As the first busy week of the programme drew to its close, we left the IMD campus to learn more about two of our most distinguished neighbours in the Geneva area ecosystem, EPFL and CERN.

Despite the accumulated sleep deprivation of some of us, the whole class sat peacefully in two buses on Friday morning at 6:30am, heading to explore more about biotechnologies and particle collisions. As my cohort Joyce will write on her experience with EPFL in a separate post, I am going to share my insights on the visit of CERN, the European Organization for Nuclear Research, home of the Large Hadron Collider. Prior to I doing so, I have one testimony to make – coming from economics/social science background, I have never been particularly interested in physics, let alone particle physics. Yet the three and half hours spent at the centre and the on-site tour genuinely raised my curiosity, and at the end of the visit, not only me, but the whole group bombarded our guide with various questions about accelerators, colliders and applications of the research.1T2B9146


The visit started with general introduction to activities of CERN. We learnt about its central mission, which is conducting probing and research on fundamental particles of matter to increase our understanding on origins of universe, and about the major participants of the research. In the second part of the presentation, the broader ambition of CERN was outlined to us. CERN was instituted to bring together and train scientists from all over the world to develop new technologies for accelerators and cater for technology and know-how transfer. For the purpose of the latter, the Ideasquare was established – a test bed for new ideas and concepts that may have a beneficial impact on a society. Given the entrepreneurial mindset of most us and the close link between idea incubators and start-ups, many questions were raised related to success factors of prototype development, consumer testing and evaluation of business potential.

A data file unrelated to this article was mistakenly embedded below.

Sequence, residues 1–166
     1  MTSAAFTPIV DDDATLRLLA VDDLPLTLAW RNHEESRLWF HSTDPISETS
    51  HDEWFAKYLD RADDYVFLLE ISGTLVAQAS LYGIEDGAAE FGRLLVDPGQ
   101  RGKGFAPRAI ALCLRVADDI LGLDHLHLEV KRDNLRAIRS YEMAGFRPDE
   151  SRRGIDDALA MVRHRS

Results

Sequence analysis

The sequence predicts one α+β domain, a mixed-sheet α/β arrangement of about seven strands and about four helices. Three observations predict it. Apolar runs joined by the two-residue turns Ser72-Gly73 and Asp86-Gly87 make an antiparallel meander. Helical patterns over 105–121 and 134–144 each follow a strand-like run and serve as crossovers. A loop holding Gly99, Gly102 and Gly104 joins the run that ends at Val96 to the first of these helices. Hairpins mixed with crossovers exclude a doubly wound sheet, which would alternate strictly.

During the following tours of the facilities, knowledgeable guides explained the technical part of fragmenting of the particles, various stages of accelerating up to the speed of light and the final colliding. We had the opportunity to see the actual technical equipment of Ion Rings and Synchrocytrons and on showcase models understand the principles of beam direction.


Another part of the visit led us to the premises of CERN’s data center which, with a capacity of around 200 Peta Byte, is one of the biggest in the world. Among the exhibits, a disc platter the size of a tire captured my attention. Back in 1974, this platter was able to store 10MB of data, an insignificant fragment of what we now carry in our pockets.


Discussions with my colleague brought me to pondering: why do we invest enormous amounts of money in building such facilities as CERN and run millions of experiments over and over again; is it curiosity, hunger for research fame, or demonstration of science? We came to the conclusion that it is our endeavor as humans to learn more about our world, about us. Here at IMD we are also in a testing lab. We came to push ourselves out of our comfort zone, to experiment, to discover the unknown about ourselves. All this in an environment of high diversity and various levels of affinity to such experimenting.  The introduction session to leadership yesterday confirmed the importance of such undertakings. If we know and understand ourselves, we can better understand others. And ultimately become better leaders. I am profoundly looking forward to being one of the guinea pigs, getting frank feedback, coaching and psychoanalysis; I am looking forward to collide and accelerate, collide and accelerate, again and again. Because these IMD experiments deliver a certain result – a life-time enrichment.



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